Overall it makes a fine place to re-stock (because we are close to all services and stores), explore, and get ahead on work/school. The Winter 2010 issue of Airstream Life is finally off to the printer, and I’m working on Spring and Summer now. Eleanor and Emma are working to get some of her home school program completed too.
But at the end of the working week we broke out for a little exploration. Saturday’s excursion was to nearby Honeymoon Island State Park, just about ten miles away in the Gulf of Mexico. The result of some landfill and a busted development plan, this island is a great little getaway just a short drive from Tampa, with a nice stretch of beach and plenty of shallow water offshore.
I was surprised at the lack of crowds on the island when we went. Despite being an absolutely perfect beach day (temps in the 80s, 100% sunshine, light breeze, beautifully warm and calm water), the parking lots were only about 10% full. Maybe the $8 state park day-use fee drives away the Floridians, who can easily find free beaches in the area. We spent most of the day building sandcastles, collecting shells, and walking the shoreline. It is best to stay near the beach and established roads, since the rest of the island is inhabited by rattlesnakes.
One of our goals while traveling the south is to find excellent barbecue. The best barbecue in the USA ranges from Florida to Texas. But Eleanor started off on the wrong foot, making the mistake of ordering ribs at a chain “barbecue” restaurant up in St Augustine, and she had a disappointing culinary experience. She tried again in Haines City at our favorite local chop house, but it was apparently an off-night in the kitchen there too. On Saturday night after leaving Honeymoon Island we wandered down to downtown Dunedin and stumbled upon a real find: Eli’s Barbecue.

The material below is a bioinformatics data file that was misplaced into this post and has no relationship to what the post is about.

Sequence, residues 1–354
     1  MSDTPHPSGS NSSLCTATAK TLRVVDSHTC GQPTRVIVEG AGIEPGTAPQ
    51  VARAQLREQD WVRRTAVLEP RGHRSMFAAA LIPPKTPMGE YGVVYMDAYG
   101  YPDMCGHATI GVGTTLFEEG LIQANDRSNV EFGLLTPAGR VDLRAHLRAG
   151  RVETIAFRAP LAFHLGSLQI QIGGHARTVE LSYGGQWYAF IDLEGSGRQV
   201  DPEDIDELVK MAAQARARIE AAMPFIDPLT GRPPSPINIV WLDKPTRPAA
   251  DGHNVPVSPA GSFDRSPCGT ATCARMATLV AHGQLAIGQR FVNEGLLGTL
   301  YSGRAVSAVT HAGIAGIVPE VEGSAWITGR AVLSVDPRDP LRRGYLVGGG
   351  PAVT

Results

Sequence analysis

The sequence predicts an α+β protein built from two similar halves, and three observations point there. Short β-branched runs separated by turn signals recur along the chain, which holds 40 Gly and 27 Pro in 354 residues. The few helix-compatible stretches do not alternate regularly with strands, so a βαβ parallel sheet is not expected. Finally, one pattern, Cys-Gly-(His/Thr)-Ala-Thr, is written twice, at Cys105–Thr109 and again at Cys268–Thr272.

This was the sort of place we like to find as we are roaming the south: small, local, and with a powerful reputation built up over years. You know that when a restaurant is only open Friday and Saturday, only for take-out, and offers no amenities, yet has a line of people anxiously awaiting their chance to get something to eat before the food runs out … well, a place like that has to be really good. So we got in line at Eli’s Barbecue and managed to snag a big heap of dry-rub ribs, beans, and the last of the coleslaw. My advice is to get there early. They close at 6 pm.
Finally, barbecue that didn’t disappoint! That was some seriously fine cooking. I’d be inclined to go again, but we’ve got some other culinary plans for this week. And besides, the Texas Barbecue Trail awaits …
Overall, Saturday was a big win for us, because we found a nice new beach and a really terrific meal all in one day. That’s the kind of day I’d like to have more often. If we can keep finding interesting things, it won’t seem like we’re just retracing our steps. It takes a little more effort but it’s well worth it.